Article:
We then switch back to Rabbit's perspective as he tells Ruth that he has to go, that his wife is having a baby, but that he'll be back soon. Already he regrets having made Ruth please him; he was "half-hoping" she would refuse his demand. The writing then adopts Ruth's point of view, and we get a further hint of her deeply conflicted feelings. She feels physically sick after the oral sex, and yet yearns for Rabbit. She feels somehow certain that she has lost him to Janice.
Rabbit waits in the hospital, overcome with fear at the thought that Janice or the baby might die. He remembers that Nelson's birth took a painful twelve hours. The Springers pass by him; Mr. Springer says hi, prompting his wife to rail at Rabbit: "If you're sitting there like a buzzard young man hoping she's going to die, you might as well go back to where you've been living because she's been doing fine without you and has been all along." Some time later, the doctor arrives to congratulate Rabbit on "a beautiful little daughter." Rabbit is surprised and even a bit disturbed by the doctor's kindness to him. The man asks Rabbit if it's all right for Janice's mother to see her, a question that strikes Rabbit as bizarre, given what a shameful act he has committed. His guilt is finally weighing down on him, and the last straw, it seems, is the sight of Janice herself: she displays no anger or bitterness whatsoever to him, and is only happy to have him back. He tells her that he loves her and that he'll be back tomorrow, and the reader can sense the honesty in his words.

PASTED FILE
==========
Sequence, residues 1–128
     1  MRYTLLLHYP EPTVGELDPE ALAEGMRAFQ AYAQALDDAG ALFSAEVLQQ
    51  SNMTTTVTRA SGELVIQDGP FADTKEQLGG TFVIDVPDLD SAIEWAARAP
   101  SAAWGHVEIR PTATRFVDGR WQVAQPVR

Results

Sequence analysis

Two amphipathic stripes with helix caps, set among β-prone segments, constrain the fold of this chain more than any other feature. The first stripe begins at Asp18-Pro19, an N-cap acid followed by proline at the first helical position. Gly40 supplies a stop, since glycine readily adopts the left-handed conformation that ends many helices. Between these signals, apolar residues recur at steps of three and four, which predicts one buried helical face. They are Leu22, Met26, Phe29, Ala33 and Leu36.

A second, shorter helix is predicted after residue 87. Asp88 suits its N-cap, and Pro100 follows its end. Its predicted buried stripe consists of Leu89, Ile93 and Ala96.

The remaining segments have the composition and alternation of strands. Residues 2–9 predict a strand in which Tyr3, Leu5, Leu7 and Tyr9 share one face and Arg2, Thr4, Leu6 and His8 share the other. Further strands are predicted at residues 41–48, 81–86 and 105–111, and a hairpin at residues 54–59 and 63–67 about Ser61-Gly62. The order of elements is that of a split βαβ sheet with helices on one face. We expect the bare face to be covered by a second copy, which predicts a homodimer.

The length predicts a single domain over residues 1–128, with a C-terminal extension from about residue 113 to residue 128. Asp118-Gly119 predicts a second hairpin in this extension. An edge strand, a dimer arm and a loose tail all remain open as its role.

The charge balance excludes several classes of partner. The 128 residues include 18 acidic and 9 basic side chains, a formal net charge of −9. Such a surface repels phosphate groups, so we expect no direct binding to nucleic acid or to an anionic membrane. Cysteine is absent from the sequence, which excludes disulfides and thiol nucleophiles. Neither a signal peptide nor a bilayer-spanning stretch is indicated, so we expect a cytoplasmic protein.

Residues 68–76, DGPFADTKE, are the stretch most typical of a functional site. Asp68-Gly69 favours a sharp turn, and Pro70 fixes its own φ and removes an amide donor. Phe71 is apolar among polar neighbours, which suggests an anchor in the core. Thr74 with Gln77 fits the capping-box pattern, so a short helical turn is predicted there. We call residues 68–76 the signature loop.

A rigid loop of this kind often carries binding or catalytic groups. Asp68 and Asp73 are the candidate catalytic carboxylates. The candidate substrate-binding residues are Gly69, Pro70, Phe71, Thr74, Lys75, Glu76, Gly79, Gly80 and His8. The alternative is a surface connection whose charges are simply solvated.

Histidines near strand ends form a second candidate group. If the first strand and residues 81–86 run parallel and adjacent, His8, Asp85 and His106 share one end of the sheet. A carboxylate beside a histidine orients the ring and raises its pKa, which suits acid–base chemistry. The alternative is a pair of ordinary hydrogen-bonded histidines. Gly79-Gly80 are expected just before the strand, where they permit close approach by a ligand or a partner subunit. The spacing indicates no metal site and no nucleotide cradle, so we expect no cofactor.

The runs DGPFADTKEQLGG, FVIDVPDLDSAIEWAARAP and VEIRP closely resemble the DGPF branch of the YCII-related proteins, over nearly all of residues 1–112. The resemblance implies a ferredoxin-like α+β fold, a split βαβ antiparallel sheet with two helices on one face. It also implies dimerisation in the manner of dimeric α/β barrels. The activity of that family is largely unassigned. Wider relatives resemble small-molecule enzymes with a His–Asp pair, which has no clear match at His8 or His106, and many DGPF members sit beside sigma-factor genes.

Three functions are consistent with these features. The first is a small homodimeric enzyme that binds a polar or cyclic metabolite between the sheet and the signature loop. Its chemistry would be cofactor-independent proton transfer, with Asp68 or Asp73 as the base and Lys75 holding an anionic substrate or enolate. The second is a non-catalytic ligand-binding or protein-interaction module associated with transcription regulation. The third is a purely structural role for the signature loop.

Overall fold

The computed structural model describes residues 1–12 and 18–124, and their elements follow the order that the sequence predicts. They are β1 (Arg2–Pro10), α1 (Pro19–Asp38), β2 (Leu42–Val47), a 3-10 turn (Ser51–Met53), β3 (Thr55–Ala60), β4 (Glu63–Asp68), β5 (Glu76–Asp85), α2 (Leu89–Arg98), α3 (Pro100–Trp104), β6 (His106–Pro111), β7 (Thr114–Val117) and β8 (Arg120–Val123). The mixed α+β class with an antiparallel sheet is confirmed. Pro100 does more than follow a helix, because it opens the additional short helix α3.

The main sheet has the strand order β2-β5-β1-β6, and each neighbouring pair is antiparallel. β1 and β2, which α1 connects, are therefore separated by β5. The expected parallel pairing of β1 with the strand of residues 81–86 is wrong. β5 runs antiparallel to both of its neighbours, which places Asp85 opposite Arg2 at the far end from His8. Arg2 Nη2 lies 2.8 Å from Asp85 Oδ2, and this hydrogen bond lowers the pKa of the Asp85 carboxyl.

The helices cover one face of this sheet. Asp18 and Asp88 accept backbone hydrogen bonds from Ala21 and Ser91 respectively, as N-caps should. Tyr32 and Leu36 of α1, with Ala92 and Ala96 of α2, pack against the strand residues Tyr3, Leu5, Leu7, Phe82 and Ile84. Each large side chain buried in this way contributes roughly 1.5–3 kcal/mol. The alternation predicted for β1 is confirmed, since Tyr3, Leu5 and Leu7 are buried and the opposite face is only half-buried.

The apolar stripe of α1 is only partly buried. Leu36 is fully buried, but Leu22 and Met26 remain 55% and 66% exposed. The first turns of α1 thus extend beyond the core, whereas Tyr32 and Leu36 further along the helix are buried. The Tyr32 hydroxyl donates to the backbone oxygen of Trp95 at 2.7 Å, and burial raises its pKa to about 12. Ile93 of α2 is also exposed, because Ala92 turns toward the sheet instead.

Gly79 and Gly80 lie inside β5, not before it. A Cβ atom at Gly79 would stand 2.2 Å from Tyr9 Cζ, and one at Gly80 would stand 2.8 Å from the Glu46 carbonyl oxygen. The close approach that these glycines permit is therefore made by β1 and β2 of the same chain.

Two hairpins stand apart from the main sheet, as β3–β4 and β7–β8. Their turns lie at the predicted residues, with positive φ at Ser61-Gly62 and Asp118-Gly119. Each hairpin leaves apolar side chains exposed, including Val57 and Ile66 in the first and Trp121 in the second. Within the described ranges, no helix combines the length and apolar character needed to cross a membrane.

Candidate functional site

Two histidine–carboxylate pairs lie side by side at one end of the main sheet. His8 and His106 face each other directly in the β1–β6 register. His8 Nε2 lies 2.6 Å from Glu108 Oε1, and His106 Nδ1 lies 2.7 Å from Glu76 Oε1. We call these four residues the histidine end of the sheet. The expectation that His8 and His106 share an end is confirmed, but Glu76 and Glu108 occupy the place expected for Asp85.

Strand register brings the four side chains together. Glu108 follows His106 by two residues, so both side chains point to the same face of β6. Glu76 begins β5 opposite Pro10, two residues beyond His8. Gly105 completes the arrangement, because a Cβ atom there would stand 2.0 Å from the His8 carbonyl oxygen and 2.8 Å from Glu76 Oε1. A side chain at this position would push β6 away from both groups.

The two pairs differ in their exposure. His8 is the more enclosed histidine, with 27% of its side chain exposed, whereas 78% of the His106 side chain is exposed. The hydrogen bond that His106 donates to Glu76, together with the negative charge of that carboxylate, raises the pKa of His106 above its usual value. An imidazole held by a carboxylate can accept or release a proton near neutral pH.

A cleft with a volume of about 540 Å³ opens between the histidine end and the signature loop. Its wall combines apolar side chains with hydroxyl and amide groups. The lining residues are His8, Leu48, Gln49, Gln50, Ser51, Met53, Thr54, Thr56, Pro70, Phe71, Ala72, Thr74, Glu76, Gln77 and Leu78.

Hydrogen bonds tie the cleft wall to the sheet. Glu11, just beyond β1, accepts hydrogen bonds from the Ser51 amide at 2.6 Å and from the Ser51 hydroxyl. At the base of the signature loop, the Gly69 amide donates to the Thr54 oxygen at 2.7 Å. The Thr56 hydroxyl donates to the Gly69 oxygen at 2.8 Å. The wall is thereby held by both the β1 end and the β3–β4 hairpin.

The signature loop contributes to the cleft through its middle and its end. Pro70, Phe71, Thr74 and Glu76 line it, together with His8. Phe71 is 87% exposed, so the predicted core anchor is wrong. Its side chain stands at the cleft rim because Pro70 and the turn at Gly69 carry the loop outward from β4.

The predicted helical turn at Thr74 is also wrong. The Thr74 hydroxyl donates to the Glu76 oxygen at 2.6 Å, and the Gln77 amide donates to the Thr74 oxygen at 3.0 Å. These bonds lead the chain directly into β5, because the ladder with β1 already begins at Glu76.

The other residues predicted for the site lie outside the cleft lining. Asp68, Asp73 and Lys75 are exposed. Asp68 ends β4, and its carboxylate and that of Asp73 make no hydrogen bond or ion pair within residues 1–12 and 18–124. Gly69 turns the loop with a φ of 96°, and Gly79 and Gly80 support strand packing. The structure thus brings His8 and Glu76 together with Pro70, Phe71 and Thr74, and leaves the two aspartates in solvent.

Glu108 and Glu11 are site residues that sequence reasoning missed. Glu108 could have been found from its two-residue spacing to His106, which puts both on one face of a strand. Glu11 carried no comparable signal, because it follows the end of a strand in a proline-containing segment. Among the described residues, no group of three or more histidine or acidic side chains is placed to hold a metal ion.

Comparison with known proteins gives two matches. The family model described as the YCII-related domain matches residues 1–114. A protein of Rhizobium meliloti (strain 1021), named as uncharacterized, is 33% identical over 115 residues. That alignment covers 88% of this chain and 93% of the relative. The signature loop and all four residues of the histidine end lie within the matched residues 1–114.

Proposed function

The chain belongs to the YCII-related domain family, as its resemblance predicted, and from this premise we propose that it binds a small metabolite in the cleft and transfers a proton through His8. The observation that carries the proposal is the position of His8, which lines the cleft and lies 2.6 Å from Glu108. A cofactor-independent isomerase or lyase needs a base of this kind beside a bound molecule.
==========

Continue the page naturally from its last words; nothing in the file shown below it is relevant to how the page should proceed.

Rabbit spends the night at Eccles' house, telling the minister that he cannot possibly go back to Ruth's apartment now. The next morning Lucy wakes him and makes him a bowl of cereal for breakfast. Rabbit feels he has begun a new life, but already small details seem to hamper his newfound confidence. He thinks of Ruth when Lucy pours the milk on his Cheerios; he remembers touching Lucy's bottom and decides that she must in fact desire him; on his way out of the house, he gazes at her breasts and then notices her subtly winking at him: "Quick as light. Maybe he imagined it. He turns the knob and retreats down the sunny walk with a murmur in his chest as if a string in there had snapped."
Despite the continued use of the shifting perspective and the introduction of a new point of view - that of Lucy Eccles, who is bitter at religion itself and what it has done to her previously happy marriage - this section belongs chiefly to Rabbit and to his new awakening. His obsession with mortality, with the fragility of life itself, is evident when he waits in the hospital, wracked with the fear that his wife or the baby will die. This preoccupation with death seems to have begun with Rabbit's musings atop Mt. Judge while looking over the city of Brewer with Ruth by his side, and culminates in the baby Rebecca's drowning.